If you take nothing from this, just please, REMEMBER TO VOTE!!!
We’re only a week away from the general election and just like with every other election cycle, there’s a lot of noise out there. With local stations saturating their nightly broadcasts with political ads, it’s very easy to get scrambled by it all. So here is what to keep in mind as you survive the final week of this 2016 election cycle!
More Like a Jostle Than a “Total Upheaval”
As we alluded to on Friday, the news of the FBI reopening the case of Hillary Clinton’s emails has most definitely effected the landscape of the 2016 presidential race. But not as much as you might think.
Before Clinton’s emails became relevant once again, the Trump campaign had basically been on a downward spiral. Since the first debate, Trump had been rapidly bleeding voters and losing traditional Republican strongholds like Arizona and Nevada. What the Clinton emails story essentially did was give the Trump campaign a life preserver. Suddenly, a couple of polls have shown a shift in the presidential race that gives Trump’s campaign a chance once again.
While news of the FBI case has come at the most inopportune time for the Clinton campaign, it’s important to realize that all the news did was potentially give Trump a path to win the general election, what it didn’t do was change the election’s current trajectory set in the last two months. While the recent headlines have energized Trump’s base supporters, let’s not kid ourselves, the general election is still Clinton’s to lose.
PSA: Before You Go to the Polls, Know Your Ballot Measures
This year there are 162 ballot measures across 35 states. For many voters that will be going to the polls, the first time they see these ballot measures will be in the voting booth. That is scary for a number of reasons!
In many cases these ballot measures are just as important – if not more so – than the people you vote for on the ballot. The measures this year run the gambit from legalization of marijuana to the increase in minimum wage to even measures regarding gun control. A majority of these measures – 71 of them to be exact – were put on the ballot by citizens through a petition process. So in other words, these measures are very important in their respective communities. Sadly, even though most voters have strong feelings on these issues, very few of them know anything about the measures until they reach the voting booth. So this election season, do your civic duty and study up on your ballot measures before entering the polling booth!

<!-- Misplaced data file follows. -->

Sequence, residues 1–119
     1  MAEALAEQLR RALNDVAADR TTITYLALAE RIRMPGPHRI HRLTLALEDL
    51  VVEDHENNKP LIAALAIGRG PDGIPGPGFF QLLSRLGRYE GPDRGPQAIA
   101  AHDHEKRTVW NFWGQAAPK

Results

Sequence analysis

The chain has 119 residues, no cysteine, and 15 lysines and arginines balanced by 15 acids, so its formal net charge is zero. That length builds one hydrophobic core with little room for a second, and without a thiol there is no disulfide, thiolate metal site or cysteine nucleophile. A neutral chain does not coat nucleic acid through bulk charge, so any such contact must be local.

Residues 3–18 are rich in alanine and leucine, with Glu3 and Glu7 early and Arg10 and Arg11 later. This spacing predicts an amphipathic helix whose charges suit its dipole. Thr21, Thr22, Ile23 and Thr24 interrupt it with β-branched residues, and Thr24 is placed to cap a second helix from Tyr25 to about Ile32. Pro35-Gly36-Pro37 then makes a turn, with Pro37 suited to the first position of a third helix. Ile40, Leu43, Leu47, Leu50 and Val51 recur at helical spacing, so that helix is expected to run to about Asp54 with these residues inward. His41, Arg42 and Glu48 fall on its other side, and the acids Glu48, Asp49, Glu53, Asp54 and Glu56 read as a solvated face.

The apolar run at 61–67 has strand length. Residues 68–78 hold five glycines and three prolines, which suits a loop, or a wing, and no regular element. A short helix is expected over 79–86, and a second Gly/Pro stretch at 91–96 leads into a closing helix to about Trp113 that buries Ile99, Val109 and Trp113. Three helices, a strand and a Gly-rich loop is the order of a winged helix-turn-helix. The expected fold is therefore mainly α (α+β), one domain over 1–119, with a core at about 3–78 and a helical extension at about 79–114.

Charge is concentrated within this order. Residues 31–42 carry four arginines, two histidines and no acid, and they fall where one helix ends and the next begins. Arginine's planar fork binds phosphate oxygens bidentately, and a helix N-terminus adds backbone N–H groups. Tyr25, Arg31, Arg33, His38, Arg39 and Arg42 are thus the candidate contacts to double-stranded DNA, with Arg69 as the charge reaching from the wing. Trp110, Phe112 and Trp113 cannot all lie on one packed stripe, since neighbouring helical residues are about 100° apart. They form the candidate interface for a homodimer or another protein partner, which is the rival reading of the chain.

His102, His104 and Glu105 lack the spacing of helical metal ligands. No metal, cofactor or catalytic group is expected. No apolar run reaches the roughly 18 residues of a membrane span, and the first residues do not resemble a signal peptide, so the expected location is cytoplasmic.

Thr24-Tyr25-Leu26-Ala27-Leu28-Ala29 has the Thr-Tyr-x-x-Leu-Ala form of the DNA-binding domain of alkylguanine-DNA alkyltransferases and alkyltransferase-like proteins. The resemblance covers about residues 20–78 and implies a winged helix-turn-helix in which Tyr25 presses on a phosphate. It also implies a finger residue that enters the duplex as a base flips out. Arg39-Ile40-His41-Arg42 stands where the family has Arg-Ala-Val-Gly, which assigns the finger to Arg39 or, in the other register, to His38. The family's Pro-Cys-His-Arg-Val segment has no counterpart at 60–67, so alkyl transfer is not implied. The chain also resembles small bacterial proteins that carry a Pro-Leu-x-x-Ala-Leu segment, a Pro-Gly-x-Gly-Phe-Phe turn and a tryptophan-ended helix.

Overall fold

Republicans Just Might Keep the Senate
Conventional wisdom states that whatever happens to a party’s presidential nominee in the polls, their down ballot races (ie the Senate and House) also follows. So as you would expect, with Donald Trump historically unpopular with a large part of the electorate, both the House and Senate have become political battlegrounds in 2016. The Democrats particularly have put much more emphasis in these down ballot races in hopes of gaining the majority in the House or Senate.
While the House looks to be out of reach for the Democrats, Senate is very much in play. While there are Senate races in Wisconsin and Illinois that will most definitely flip from Republican to Democrat, the other races have significantly tightened as we head to Election Day. With GOP incumbent races in North Carolina, New Hampshire, and Missouri all neck-and-neck, the idea of Republicans keeping the Senate suddenly looks plausible, which is something you couldn’t say a few weeks ago.
Clinton’s email trouble has now become a conversation starter among many Senate Republicans in tight races, whether that becomes the “November Surprise” to change the tide of Senate races remains to be seen.
Who Does More Registered Voters Help?
Pollsters always talk about 2008 being the model year for voter turnout. If voter registration holds up for 2016, this election could very well break that number! Numerous states have reported a record number in voter registration, even beating numbers from 2008. For example, voter registration in Illinois reached 7.9 million this year; 100,000 more than it was in 2008. Combine that with the numbers coming in for early-voting and this election could have an impressive voter turnout.
The question arises, who would this influx in voter turnout help more? Almost anyone who follows politics would say more people voting always helps Democratic candidates. However, Donald Trump has continually talked about the “silent majority” in any poll that shows him losing the election.
Our stance on this is clear; more voters = Democratic win. But we’ll just have to wait and see.
Finally, Here’s a Compilation of Cute Puppy Videos
Because the light is at the end of the tunnel people, we’re almost there with putting this election behind us!
(Photo Credits: Pixabay.com, Google Images)